With the holiday season now in full swing, many are finding themselves stuck between multiple obligations for family gatherings, dinners, and traditions. If you’re trying to navigate multicultural families, spending time with your family and your significant other’s family, or if the two sides of your family just don’t celebrate together for whatever reason — here are a few tips and tricks on how to almost be in two places at once.
Multicultural or split religion families
When juggling the traditions of more than one culture or religion within your family around the holidays, your season may include attending a special church service for one and then a supper gathering for another. You may find that unique mixes of traditions develop as your family has grown; perhaps seeing Jewish latkes on the same table as a traditional Catholic roasted duck, or homemade tamales next to mince pies. One of the most frequent suggestions on how to balance the mix is being flexible, with both your time and energy.
Your family and your SO’s family
Whether it’s your first holiday season celebrating together or your twentieth, balancing holiday time between two families can be a little tricky. For some, it’s as easy as breakfast with one side then dinner with the other, but schedules can also get a little too close to work around and make both happen sometimes. In those instances, a rotating schedule could help you organize your time so that you know ahead of time where you’re going and who you’re celebrating with. For example, if your family has a bigger gathering for Thanksgiving than for Christmas, and your SO’s family is the opposite, this year you could spend Thanksgiving with your family then with your SO’s family the following year — rotating who’s family you spend which holiday with.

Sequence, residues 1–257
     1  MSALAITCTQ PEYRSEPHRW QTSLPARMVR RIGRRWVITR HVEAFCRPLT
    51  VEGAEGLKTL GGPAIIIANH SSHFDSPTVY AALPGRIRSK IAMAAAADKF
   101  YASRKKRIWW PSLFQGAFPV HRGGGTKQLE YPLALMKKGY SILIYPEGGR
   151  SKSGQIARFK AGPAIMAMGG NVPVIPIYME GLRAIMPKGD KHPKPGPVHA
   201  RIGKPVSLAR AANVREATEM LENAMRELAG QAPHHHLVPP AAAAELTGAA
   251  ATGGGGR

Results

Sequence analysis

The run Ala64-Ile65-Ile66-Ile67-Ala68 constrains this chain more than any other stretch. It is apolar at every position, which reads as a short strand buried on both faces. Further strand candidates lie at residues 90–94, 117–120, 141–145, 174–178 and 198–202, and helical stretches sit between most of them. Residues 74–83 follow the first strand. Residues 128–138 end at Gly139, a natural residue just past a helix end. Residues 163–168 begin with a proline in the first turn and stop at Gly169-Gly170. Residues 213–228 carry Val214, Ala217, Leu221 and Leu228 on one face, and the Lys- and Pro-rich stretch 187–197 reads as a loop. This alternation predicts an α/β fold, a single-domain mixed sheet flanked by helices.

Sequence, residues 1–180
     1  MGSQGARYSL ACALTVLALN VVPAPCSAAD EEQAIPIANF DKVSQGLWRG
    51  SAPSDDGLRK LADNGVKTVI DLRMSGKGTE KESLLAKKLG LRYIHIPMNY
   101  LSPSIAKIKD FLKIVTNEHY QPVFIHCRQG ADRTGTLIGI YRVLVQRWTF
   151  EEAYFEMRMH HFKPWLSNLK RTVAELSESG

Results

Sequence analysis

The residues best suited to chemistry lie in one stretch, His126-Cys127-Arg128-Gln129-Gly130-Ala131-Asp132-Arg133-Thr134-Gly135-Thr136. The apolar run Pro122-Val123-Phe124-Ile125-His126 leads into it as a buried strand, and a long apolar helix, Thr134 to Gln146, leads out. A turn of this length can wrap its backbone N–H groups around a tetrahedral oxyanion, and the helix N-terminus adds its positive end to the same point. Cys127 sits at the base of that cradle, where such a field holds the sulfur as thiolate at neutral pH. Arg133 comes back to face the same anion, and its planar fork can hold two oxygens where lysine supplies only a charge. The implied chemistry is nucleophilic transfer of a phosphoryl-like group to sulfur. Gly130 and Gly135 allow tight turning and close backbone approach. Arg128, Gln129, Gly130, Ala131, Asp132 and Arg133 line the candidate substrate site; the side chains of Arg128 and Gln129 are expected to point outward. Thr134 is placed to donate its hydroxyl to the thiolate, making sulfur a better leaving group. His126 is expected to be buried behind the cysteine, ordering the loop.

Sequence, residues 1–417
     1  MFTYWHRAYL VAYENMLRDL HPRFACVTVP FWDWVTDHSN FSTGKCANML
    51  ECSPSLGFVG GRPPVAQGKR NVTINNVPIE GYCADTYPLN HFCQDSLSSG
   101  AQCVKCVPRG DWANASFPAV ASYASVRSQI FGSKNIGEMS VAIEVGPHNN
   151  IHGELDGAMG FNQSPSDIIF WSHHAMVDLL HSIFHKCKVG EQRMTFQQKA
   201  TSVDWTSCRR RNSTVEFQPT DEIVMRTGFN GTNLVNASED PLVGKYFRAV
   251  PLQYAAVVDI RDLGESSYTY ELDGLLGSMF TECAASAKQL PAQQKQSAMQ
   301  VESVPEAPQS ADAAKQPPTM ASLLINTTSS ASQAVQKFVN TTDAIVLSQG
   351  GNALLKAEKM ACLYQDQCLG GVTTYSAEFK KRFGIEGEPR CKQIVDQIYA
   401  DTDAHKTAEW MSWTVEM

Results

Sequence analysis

Although we would love to never encounter sticky situations when juggling the different sides of our family during the holidays, avoiding those awkward “I can’t make it this year” or “I can only stay for an hour” texts isn’t always possible. Similar to those who navigate their family plus their SO’s family traditions, a rotating schedule could help alleviate the stress of balancing holiday time between your mom’s family and your dad’s family. If proximity permits it, splitting the days could also work, where you might spend Christmas morning opening gifts with the side with more younger kids who still squeal over Santa Claus then dinner with the side that centers the gathering around the meal prep process.
Communication is key when you’re navigating complex family dynamics and traditions, regardless of what element makes them complex. If any of these situations apply to you, I wish you the best of luck and ease when navigating the upcoming holiday season.